A selloff in the last several days leaves stocks in short-term oversold territory as sentiment turns sour
Bigger picture, investors are “all-in” on equities which suggests a cautious stance if/when we see a December rally
A stealth correction has been ongoing much of this year in small caps, value stocks, and ex-US stocks (particularly EM)
Normally a cheery time for investors, the latter half of November and the start of December has featured a kick up in volatility. Small and mid-sized growth stocks have gotten smacked while value equity and foreign shares continue to come under pressure. Emerging markets, while outperforming last week, touched a 52-week low on Tuesday.
An up-down-up-down trading pattern recently leaves investors wary of further volatility. To wit, surveyed sentiment readings have collapsed to extreme pessimism. Readers might roll their eyes at that statement considering it was just a handful of days ago when the S&P 500 notched all-time highs. Recent market-action shows, however, that corrections seem to be happening at a faster clip. So sentiment can flip on a dime.
Watch Out for a Snapback Rally
This early-December drop could help promote a rebound later this month when seasonality improves. December is a very strong month for stocks (according to history), but those gains are often found in the back half of the month.
Our Weekly Macro Themes report dives into sentiment survey data to gauge investor feelings. We also investigate how traders and investors are positioned. One indicator we’ve been eyeing is Leveraged ETF Trading (the ratio of long vs. short trading activity). It suggests that traders have been eager to buy the dip during recent stock market declines. The takeaway is that longer-term greed and complacent feelings are in place despite a near-term drop in sentiment survey data.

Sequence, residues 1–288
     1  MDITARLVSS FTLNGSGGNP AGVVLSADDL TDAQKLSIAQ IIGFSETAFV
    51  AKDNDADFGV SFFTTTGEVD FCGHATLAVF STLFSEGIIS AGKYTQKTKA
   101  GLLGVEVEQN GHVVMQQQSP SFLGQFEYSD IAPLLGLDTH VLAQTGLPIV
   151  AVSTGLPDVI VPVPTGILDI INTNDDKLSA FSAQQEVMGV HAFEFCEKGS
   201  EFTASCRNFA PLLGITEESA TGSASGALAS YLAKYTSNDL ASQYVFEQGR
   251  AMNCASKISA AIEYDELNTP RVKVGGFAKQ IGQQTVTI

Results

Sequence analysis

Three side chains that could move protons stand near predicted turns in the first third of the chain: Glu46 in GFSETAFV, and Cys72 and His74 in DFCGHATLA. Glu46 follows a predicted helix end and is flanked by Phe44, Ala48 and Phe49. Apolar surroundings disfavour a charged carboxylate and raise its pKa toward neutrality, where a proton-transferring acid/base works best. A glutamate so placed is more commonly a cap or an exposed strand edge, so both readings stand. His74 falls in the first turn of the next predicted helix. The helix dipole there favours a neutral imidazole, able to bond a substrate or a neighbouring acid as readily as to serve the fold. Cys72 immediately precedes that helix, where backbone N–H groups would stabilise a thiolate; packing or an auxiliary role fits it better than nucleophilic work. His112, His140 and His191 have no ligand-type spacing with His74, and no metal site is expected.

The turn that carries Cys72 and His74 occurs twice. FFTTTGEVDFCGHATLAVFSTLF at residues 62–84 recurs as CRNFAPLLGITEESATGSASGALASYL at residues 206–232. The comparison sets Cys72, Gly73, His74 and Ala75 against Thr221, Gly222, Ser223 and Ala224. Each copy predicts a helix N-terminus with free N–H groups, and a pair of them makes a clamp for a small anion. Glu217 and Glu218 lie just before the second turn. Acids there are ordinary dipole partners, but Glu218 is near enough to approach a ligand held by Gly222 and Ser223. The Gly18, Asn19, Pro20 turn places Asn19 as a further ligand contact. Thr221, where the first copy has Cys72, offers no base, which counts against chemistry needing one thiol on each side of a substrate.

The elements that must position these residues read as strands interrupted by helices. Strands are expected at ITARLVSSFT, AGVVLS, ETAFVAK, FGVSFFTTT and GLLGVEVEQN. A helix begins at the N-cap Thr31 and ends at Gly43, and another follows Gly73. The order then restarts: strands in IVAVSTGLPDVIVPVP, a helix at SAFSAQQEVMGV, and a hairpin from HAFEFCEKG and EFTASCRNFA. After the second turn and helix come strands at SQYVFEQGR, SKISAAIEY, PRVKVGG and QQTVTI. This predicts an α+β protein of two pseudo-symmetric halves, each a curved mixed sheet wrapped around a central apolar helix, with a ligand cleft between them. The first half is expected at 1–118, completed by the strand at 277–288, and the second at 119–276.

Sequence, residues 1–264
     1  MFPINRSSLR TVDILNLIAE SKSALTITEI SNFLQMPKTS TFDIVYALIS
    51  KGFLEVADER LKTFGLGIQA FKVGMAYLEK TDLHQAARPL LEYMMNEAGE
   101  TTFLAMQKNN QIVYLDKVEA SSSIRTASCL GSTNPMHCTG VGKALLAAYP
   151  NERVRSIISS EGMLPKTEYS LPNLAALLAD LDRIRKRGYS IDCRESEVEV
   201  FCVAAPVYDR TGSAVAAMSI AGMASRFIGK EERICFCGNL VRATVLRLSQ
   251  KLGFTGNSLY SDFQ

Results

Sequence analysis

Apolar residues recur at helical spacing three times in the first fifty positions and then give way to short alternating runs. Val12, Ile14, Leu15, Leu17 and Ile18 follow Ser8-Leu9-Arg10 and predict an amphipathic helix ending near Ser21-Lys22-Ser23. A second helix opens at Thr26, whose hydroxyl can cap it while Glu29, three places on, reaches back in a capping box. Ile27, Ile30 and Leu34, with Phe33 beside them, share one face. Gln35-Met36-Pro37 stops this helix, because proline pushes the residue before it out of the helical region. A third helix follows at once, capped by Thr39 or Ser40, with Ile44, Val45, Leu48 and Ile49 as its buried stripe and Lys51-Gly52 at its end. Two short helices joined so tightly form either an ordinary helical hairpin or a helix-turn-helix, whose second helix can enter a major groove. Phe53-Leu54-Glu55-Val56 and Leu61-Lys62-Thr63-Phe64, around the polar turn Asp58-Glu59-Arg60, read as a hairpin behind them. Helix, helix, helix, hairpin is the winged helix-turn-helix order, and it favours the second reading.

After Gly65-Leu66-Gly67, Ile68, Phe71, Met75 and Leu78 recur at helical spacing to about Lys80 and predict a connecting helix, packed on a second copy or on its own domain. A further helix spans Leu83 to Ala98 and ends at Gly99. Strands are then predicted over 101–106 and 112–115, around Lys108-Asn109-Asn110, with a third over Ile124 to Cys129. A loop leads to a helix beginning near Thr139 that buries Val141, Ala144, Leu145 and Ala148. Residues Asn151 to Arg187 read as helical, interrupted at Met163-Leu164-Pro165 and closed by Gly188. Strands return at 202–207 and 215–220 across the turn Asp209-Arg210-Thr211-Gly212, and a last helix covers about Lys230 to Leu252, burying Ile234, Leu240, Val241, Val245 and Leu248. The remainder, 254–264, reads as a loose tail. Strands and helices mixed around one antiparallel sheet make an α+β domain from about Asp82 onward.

Households Are All-In
Indeed, we find that investor allocations to equities are at multi-year highs (record highs for households in aggregate). Can you blame them? Bond yields remain not far from record lows while cash offers nothing but severely negative real returns.
Our featured chart illustrates a high degree of risk permeating markets. US Equity Leveraged Bets (US stock market leverage) combines net margin debt, net leveraged ETFs, and net speculative futures positioning. That sum is then divided by the S&P 500’s market cap. The result is the chart below.
Featured Chart: Risky Wagers
Speculative Futures Positioning
Leverage as a percent of market cap has climbed near 2018’s peak. Folks are all-in. For this reason, we treat this current pullback with caution while a very near-term snapback is quite possible. Moreover, total US stock index speculative futures positioning is the most net-long since 2018.
Bad Breadth Across the Globe
Not helping the bulls’ case is weakening breadth in Global Equities. As the ACWI index climbed to a record high earlier this quarter, fewer countries traded above their respective 50dma. Taking the US market out of the equation, the ACWI Ex-USA index paused at its 2007 peak with a near-term drop in countries/markets above their 200dma.
A Check on Emerging Markets
Finally, this week’s report checks on EM equities which have endured an awful year as EMFX drops precipitously. Interestingly, the space has fared ‘ok’ during the latest selloff—EM funds were about flat last week. Still, country breadth and EMFX breadth remain quite poor.
Bottom Line: The volatility that began after Thanksgiving has not let up. The VIX ended Friday above 30, the highest weekly settle since January. Investors have quickly turned pessimistic according to survey data, but allocations remain heavily in equities. A near-term/seasonal bounce is quite possible, but investors should be cautious on any rallies.
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